Bad elements in security agencies selling arms to bandits — DSS
…1,100 illegal entry points in Nigeria — Customs
…No weapon missing in our armoury — Police
By Kingsley Omonobi & Emman Ovuakporie
ABUJA—THE Directorate of State Service, DSS, weekend, stunned members of the House of Representatives Joint Committee on Customs and Excise and National Intelligence with the revelation that some bad elements in security agencies were involved in the sale of small arms to bandits in the country.
It also noted that security agencies do not do enough checks on those they recruit, saying the agencies were flooded with former armed robbers and cultists, who have turned out to be the bad eggs in the system.
Director of Operations in DSS, Mr Godwin Eteng, made the revelation while speaking before the House of Representatives Joint Committee on Customs and Excise and National Intelligence investigating the influx of small arms and light weapons into the country.
But the Police in a swift reaction, said its personnel were not involved in such unwholesome act, saying they had been doing a lot in battling armed robbers and kidnappers in all parts of the country.
Eteng said: “Some agencies have over a period of time recruited people who were cultists and armed robbers before and are now wearing uniforms.
“The question is, are we doing enough checks on our people who were recruited into security services?
“Like we had a situation where in one of the armouries belonging to one of the armed forces, how many pistols just got missing, with quantities of ammunition and all the pistols were new.
“In the armoury, no place was broken into, but the weapons were missing. And we’re interested in knowing what happened.”
States not helping matters
He also revealed that some states were not helping matters when it comes to the incidence of proliferation of small arms and light weapons, adding that Nasarawa, Benue, Taraba, and Plateau were states acting as conduits for small arms and light weapons being used to fuel ethnic crises in some regions of the country.
He said: “When we did our studies, we discovered that three-quarter of the arms used to cause the crisis in Southern Kaduna, in Zamfara and Plateau states are coming from the following states: Nasarawa, Benue, Taraba and Plateau.
“We found out that if you can carry out serious operations to affect the supplies, which is coming from these areas, it will seriously limit part of what is happening there.”
According to him, in the last one and a half months “we have conducted more than 27 operations and arrested more than 30 persons involved in the supply of arms and ammunition and some of them are serving security men.”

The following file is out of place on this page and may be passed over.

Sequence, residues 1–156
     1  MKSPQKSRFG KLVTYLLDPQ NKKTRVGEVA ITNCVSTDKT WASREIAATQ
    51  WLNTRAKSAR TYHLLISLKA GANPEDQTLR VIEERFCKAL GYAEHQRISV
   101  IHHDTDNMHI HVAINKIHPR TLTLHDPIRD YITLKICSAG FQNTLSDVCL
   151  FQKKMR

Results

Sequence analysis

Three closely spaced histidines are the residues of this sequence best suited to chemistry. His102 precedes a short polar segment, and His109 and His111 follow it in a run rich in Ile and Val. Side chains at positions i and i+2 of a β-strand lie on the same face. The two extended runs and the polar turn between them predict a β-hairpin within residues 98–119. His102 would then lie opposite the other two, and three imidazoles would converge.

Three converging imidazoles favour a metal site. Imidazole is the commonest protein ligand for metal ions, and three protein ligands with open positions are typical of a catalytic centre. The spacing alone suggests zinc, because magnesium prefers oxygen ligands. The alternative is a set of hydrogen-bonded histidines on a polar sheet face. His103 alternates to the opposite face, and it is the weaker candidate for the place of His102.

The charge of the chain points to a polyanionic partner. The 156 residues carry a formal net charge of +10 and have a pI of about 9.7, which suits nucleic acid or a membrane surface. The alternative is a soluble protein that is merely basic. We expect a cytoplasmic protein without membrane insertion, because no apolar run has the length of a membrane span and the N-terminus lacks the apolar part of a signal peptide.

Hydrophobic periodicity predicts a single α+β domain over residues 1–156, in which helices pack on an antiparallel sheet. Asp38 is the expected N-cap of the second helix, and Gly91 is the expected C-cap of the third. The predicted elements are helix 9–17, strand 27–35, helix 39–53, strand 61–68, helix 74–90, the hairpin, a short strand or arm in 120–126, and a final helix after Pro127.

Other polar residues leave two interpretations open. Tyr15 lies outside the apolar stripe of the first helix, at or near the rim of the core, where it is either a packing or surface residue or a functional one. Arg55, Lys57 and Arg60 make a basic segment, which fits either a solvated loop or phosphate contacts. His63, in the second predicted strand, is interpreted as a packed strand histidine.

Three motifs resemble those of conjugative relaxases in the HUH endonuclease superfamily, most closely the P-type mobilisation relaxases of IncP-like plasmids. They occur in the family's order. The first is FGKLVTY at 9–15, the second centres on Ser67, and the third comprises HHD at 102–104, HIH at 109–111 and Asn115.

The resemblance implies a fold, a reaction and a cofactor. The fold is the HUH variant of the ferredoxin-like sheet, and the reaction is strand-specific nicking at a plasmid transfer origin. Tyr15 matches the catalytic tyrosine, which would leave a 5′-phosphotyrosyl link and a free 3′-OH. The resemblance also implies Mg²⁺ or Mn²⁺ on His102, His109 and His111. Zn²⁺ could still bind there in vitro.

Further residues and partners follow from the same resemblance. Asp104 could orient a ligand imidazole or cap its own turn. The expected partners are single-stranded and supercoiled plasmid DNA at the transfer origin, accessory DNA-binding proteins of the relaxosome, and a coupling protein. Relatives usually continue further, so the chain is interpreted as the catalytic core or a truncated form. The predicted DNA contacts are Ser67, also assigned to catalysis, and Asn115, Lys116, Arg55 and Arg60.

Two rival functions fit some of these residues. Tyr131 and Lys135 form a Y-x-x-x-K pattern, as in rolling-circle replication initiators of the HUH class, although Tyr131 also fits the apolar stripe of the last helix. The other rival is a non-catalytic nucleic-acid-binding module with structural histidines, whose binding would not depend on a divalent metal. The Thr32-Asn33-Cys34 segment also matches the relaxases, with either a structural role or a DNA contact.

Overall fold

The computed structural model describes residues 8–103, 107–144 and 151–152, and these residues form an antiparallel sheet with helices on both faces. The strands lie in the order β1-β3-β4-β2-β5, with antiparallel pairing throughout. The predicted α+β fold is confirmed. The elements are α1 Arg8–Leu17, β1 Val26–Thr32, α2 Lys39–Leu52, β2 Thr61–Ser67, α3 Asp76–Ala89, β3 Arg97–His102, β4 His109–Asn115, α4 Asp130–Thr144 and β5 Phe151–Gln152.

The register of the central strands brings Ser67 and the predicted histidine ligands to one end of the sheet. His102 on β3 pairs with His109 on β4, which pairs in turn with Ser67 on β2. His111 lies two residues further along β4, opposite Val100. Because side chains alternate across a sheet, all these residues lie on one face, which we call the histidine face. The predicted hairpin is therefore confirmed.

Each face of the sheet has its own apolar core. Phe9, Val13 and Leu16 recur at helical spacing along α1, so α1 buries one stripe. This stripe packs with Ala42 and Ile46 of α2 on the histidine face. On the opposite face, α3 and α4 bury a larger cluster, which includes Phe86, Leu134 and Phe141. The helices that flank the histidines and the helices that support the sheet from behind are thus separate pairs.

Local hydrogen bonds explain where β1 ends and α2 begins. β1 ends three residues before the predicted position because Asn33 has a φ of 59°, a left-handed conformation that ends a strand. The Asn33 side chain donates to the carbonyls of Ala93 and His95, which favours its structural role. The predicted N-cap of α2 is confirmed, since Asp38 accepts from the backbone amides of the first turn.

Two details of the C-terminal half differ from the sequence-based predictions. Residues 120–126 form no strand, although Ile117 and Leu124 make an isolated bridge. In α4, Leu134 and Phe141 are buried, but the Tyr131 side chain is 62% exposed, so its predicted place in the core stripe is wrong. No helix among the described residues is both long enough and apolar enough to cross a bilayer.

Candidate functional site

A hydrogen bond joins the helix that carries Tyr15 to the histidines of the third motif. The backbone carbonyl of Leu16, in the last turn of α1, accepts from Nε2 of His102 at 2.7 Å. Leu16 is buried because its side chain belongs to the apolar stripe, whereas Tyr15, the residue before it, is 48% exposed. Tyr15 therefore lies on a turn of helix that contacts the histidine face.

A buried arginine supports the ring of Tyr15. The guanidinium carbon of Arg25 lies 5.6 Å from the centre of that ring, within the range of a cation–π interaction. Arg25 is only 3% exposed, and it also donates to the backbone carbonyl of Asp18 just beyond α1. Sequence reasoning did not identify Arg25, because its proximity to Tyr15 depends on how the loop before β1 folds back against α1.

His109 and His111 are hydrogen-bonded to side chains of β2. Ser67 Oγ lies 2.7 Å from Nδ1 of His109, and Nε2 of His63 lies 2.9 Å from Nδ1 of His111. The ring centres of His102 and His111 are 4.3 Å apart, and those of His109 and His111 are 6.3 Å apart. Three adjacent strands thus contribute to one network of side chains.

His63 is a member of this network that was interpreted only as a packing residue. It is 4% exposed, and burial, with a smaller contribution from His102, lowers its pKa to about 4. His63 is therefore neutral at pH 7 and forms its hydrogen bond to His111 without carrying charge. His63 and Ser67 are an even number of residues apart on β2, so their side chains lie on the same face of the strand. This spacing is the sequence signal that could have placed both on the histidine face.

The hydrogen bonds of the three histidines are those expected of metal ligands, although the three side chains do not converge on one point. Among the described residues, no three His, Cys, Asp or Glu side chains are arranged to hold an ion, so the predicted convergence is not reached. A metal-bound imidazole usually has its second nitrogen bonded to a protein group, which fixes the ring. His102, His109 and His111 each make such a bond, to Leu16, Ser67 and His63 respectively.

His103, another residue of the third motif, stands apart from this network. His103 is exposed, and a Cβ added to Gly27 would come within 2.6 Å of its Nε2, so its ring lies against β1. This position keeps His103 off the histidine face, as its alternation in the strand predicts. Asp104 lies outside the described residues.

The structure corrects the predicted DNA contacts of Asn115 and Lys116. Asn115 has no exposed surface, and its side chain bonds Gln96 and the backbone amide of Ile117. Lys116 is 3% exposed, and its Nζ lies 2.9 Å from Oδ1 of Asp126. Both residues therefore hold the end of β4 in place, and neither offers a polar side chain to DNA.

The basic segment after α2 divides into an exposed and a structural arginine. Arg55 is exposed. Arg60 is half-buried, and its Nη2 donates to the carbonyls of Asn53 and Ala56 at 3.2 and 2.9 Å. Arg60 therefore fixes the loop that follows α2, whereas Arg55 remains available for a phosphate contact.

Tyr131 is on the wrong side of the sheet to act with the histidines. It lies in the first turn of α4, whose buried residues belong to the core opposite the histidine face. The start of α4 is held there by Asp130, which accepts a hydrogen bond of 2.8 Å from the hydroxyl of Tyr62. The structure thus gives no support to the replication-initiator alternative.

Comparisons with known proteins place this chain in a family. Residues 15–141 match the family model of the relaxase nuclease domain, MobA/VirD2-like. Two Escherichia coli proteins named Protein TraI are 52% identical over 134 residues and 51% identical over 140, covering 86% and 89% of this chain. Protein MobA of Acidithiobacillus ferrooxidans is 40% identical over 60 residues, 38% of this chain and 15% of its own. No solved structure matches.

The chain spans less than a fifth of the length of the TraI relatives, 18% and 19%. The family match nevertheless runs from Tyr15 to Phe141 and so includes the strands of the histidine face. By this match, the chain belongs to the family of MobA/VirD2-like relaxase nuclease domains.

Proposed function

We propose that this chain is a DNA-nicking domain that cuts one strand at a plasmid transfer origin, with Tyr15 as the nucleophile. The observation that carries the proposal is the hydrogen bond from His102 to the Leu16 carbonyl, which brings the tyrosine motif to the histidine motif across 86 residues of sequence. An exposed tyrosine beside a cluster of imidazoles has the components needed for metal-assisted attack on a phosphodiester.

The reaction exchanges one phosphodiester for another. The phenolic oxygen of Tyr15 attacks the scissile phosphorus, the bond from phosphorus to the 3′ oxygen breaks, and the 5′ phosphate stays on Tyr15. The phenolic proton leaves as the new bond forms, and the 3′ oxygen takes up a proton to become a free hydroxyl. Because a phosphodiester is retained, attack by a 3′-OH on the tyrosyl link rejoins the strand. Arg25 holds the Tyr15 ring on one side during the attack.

Why the problem persists
Giving further reasons for the influx of illegal arms into the country, he said communal clashes, terrorism, kidnapping, herdsmen/ farmers clashes, political thuggery, militancy, cultism and criminal gangs combine to create a constant demand for arms in the country.
‘’Herdsmen from Senegal, Gambia and especially Central Africa come into the country through illegal borders carrying AK-47 rifles,’’ Eteng said.
1,100 illegal entry points in Nigeria — Customs
Damgaiadinga Aminu Abubakar, a Deputy Comptroller, who represented the Comptroller-General of Customs, Hameed Ali, disclosed that while there were 1,100 illegal entry points into the country, only 97 were approved border posts.
He lamented the dearth of necessary equipment needed to stem the flow of weapons into the country.
He said 2,671 pump action rifles had been seized from January 2017 to date, adding that the Customs personnel found culpable in the import of 661 pump action rifles had been dismissed from service and handed over to the DSS for prosecution.
According to him, lack of operational vehicles, fast moving boats, cutting-edge technology and advanced scanning machines at airports, seaports and border points are limiting the effectiveness of the service.
He also said there was inadequate welfare for personnel, as some live in deplorable conditions.
No weapon missing in our armoury — Police
But Force Headquarters in a reaction, yesterday, absolved itself from accusations by the DSS that the arms and ammunition, which armed robbers, kidnappers and herdsmen use to terrorize citizens were purchased from security personnel across the country.
Force Public Relations Officer, Chief Superintendent of Police, Jimoh Moshood, said: “We don’t have any report of arms and ammunition missing from our armouries. Our weapons are intact.
“We are a member of the Committee on the Eradication of Small Arms and Illicit Weapons. Nigerians can testify to the vigour and determination with which the police have been going after kidnappers and armed robbery gangs.
“We have made several arrests, recovered so many weapons and mopping up of weapons is going on also.”
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